All eyes were on the finance minister as he delivered his fifth full Union budget – the last one before the general elections in 2019.
As expected, the budget turned out to be populist and sounded excessively cautious while the need of the hour was to provide a positive boost to the economy, which is reeling under the pressure of structural changes and policy reforms.
The budget did not offer any substantial incentives to individual taxpayers, with slabs remaining constant.
A change in the standard tax deduction in lieu of transport and medical expenses, which now stands at Rs 40,000, was the only gift to the salaried classes.
There was no change in tax savings on home loans, nor were the 80C limits raised. While this put paid to any hopes for significantly increased home buying appetite, there were some notable announcements with positive implications for the real estate sector:
n The continued push for affordable housing: As many as 51 lakh houses in rural areas are to be built in 2018-19. Also, a dedicated affordable housing fund was announced in this budget. These are the right moves towards achieving the vision of Housing for All by 2022.
n The Budget addressed the anomaly under Section 43 CA to tax real estate transactions at their real value rather than the value arrived at by applying artificially higher circle rates. As per new announcement, if the circle rate does not exceed 5 per cent of transaction value, no adjustment is required towards the capital gains on a real estate transaction. It will help in terms of some extra savings if there is parity between the market rates and the ready-reckoner rates. Cities, which are not under the heavy influence of real estate investors and where prices are rational may benefit from this announcement.
n Improvement in regional air connectivity: The regional air connectivity scheme to connect 56 unserved airports is good news for business growth and office space demand in smaller cities, with a natural spinoff demand for housing on the back of job generation.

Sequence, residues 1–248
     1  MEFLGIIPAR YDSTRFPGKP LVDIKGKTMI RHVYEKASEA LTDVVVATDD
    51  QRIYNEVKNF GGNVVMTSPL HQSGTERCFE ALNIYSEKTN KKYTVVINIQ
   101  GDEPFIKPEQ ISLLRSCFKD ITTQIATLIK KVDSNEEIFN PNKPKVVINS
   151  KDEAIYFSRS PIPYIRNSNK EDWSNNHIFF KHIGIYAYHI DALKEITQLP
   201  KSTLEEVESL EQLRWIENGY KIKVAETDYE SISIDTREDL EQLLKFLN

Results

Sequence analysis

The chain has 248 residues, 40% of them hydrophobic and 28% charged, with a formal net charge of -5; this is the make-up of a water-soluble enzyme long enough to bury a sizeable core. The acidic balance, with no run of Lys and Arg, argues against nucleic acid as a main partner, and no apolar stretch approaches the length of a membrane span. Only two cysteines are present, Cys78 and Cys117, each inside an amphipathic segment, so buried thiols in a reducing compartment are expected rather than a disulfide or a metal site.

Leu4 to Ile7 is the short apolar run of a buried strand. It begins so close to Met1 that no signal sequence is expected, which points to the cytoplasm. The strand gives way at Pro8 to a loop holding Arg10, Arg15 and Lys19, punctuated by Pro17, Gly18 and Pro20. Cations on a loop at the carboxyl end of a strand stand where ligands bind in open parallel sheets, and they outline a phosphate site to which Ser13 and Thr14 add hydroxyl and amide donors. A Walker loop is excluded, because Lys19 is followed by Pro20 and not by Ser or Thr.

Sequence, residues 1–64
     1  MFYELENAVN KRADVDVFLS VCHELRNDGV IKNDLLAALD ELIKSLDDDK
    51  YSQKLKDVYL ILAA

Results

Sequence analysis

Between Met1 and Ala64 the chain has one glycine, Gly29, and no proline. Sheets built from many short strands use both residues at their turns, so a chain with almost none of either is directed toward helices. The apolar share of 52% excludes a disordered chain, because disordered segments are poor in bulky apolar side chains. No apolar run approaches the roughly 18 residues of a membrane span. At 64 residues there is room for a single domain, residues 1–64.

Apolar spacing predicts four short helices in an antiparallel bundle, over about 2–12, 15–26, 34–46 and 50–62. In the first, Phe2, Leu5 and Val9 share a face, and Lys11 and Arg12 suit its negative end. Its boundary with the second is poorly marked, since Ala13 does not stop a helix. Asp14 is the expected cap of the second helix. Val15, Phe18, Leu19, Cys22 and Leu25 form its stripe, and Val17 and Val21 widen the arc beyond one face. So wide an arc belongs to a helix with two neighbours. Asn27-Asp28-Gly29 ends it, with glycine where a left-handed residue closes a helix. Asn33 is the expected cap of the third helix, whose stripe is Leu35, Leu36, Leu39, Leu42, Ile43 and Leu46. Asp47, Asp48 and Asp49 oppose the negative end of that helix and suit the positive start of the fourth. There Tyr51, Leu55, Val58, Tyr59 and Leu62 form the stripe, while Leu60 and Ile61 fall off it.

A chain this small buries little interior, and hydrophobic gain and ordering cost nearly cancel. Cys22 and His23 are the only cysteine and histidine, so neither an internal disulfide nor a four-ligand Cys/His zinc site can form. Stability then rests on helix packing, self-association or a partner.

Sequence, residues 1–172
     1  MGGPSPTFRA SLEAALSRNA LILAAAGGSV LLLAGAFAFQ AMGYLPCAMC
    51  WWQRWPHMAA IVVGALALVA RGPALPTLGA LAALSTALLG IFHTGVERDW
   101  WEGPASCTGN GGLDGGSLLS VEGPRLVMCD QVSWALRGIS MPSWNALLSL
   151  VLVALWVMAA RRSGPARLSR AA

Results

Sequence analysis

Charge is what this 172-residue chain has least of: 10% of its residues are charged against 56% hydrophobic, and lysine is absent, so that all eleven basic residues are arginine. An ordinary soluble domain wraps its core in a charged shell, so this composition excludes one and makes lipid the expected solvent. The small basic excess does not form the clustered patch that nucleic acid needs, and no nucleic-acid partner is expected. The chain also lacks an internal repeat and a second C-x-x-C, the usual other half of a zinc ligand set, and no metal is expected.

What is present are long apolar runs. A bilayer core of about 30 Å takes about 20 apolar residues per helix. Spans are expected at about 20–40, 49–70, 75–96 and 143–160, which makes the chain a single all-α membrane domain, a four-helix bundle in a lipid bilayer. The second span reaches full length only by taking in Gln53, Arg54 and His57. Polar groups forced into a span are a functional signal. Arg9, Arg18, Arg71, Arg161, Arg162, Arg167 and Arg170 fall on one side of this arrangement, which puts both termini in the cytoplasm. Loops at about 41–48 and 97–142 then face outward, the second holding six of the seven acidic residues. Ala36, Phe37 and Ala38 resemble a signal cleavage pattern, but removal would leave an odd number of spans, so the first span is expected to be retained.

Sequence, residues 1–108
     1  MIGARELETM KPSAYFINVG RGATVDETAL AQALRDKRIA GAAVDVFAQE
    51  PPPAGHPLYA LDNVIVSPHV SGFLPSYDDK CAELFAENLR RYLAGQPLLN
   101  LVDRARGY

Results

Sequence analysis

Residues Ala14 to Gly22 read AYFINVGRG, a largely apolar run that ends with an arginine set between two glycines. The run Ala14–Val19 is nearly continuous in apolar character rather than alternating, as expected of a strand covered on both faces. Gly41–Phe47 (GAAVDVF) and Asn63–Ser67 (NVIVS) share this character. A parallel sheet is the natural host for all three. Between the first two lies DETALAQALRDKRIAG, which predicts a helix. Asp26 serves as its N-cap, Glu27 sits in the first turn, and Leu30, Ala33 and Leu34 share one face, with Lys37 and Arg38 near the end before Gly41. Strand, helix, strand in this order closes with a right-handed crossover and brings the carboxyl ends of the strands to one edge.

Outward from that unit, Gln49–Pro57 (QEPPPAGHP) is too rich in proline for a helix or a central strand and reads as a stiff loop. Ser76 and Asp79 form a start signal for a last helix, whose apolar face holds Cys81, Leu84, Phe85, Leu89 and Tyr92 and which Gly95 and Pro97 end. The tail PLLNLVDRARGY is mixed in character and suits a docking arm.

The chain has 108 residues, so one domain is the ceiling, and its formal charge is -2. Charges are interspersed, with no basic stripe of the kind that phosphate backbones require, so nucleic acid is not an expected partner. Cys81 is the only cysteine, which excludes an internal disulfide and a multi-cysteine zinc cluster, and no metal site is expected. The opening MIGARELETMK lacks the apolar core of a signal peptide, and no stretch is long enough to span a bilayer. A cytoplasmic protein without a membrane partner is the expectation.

n Curbing crypto-currencies: The government is landing down heavily on crypto-currencies such as Bitcoin. There was conjecture that crypto-currencies would find their way into Indian real estate, as it has in developed countries, effectively becoming the 'new black money' in the sector. With the government committed to taking all necessary steps to eliminate the use of crypto-currencies in India, people who were looking at them as a get-rich-quick route will have to look at traditional asset classes and investment routes again.
n Increase in taxpayers: With the massive crackdown on black money, the taxpayer base has increased significantly. This is, at least indirectly, good news for the real estate sector as seeking home loans is now going to be easy for a larger set of individuals.
Allocation of Rs 1 lakh crore to update education infrastructure over the next four years may result in the development of new education institutes. In addition, if the government emphasises more on a definitive student housing policy, a new avenue will open up for the real estate sector.
The allocation of Rs 5.97 lakh crore on infrastructure spending is a welcome move, though we need a massive push to ensure that the country’s infrastructure meets global standards.
In a nutshell, while there were not many takeaways for the individual taxpayers, the budget also did not seem to favour any particular sector. With fiscal deficit slipping to around 3.5 per cent of GDP in 2017-18, the government seems to be on the right path of taking charge of things and ensuring that the fiscal deficit target of 3.3 per cent of GDP for 2018-19 is achieved.
(The writer is chairman, Anarock Property Consultants)